Though not mentioned above, there are other aspects of the digital divide other than age. A major factor is also socioeconomic status. Many schools that are located in areas of poverty struggle to educate their students on new technology. Inner city and rural areas are commonly in this group. Because of this these areas go out of their way to fully embrace the technology they own. The Department of Education released an article called Feature: Writing and Learning in the Digital Age – “Digital Is” in which they discussed technology in classrooms. In this article there were several groups that were highlighted for their efforts in digital collaboration. Some of these groups went above and beyond with what they were able to accomplish. My personal favorite (biased because I am from the area) showed 4th graders in Philadelphia that conducted research and wrote scripts in order to post a podcast. Throughout this experience they were encouraged to work together and the result was many proud students that could call this their own work. Below is a video documenting the work they did
Impact of Digital World on My life
Digital writing and the digital world in general have had huge impacts in my life and will continue to do so in my future. The advances in technology in many fields allow for more sustainable practices as well as increases in efficiency.
At Dickinson, technology has aided my ability to communicate with others. I am currently the president of the Pre-Dental society at Dickinson and our club has used the digital world several times for meetings and learning situations. For example, last year we had a Skype session with one of the members of Cornell’s dental school admissions committee. Without digital communication sources such as Skype this event would have never occurred. Also, this summer my family and I compiled a large collection of required classes and general information about many dental schools. I emailed this compilation to the younger students in the dental society so that they would have quick access to this information. Not only was this method faster, it was more sustainable because I did not have to print these packets. Even something as simple as being able to group the members of this society into one email list is a time-saving practice that often gets overlooked.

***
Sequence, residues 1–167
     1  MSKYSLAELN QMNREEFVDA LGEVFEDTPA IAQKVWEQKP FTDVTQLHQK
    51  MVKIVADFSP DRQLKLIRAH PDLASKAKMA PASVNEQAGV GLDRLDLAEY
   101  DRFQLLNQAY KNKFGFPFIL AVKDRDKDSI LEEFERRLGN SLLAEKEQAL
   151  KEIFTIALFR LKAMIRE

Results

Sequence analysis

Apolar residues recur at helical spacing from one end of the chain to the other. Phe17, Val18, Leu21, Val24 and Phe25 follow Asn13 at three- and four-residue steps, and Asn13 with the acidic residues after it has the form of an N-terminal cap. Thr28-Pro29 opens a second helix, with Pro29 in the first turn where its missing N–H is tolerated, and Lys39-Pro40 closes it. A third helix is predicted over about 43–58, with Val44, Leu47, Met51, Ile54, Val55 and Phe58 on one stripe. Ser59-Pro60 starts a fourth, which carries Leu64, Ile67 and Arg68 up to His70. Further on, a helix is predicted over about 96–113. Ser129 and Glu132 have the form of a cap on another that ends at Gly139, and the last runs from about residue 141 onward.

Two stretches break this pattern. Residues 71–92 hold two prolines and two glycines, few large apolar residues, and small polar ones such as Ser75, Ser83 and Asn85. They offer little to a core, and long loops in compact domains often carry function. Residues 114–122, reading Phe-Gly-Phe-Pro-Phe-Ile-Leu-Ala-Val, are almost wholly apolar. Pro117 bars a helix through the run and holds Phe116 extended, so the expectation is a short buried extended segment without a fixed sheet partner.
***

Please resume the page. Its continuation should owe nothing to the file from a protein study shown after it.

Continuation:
While pursuing a career in dentistry I have seen major increases in digital models for learning about dental anatomy. This digital movement allows dental schools to increase their class sizes because of increased accessibility with hands on equipment. For example, when I had my dental interview the school had added a new floor solely for the purpose of digital models. At every chair there was a skull model that digitally appeared on the computer screen. In addition to this, each seat was equipped with the newest and best dental equipment in order to familiarize current students with the tools they would see as a current dentist. Greater work areas allow this school to take on larger amounts of students with each incoming class without sacrificing their academic standards. The use of these digital models also greatly decreases the use of materials, saving the school money and being more sustainable. Technology is rapidly changing for the better and like the education field, dentists need to jump on board or get left behind.
Hicks, Stephanie Diamond. “Technology in Today’s Classroom: Are You A Tech-Savvy Teacher?” Clearing House 84.5 (2011): 188-191. Web 28 October 2014.
Melendez, Margarita. “Feature: Writing and Learning in the Digital Age – “Digital Is””U.S. Department of Education. United States Government, 25 Apr. 2013. Web. 28 Oct. 2014.
Morgan, Hani. “Using Digital Story Projects to Help Students Improve in Reading and Writing.” Reading Improvements 51.1 (2014): 20-26. Web 26 October 2014.
Morris, Sean Michael. “Digital Writing Uprising: Third-order Thinking in the Digital Humanities.” Hybrid Pedagogy. N.p., 8 October 2012. Web. 22 October 2014.
Jen Rajchel, “Consider the Audience,” in Web Writing: Why and How for Liberal Arts Teaching and Learning, ed. Jack Dougherty and Tennyson O’Donnell (University of Michigan Press/Trinity College ePress edition, 2014), http://epress.trincoll.edu/webwriting/chapter/rajchel.
Rorabaugh, Pete. “Organic Writing and Digital Media: Seeds and Organs – Hybrid Pedagogy.” Hybrid Pedagogy. N.p., 21 June 2012. Web. 24 Oct. 2014.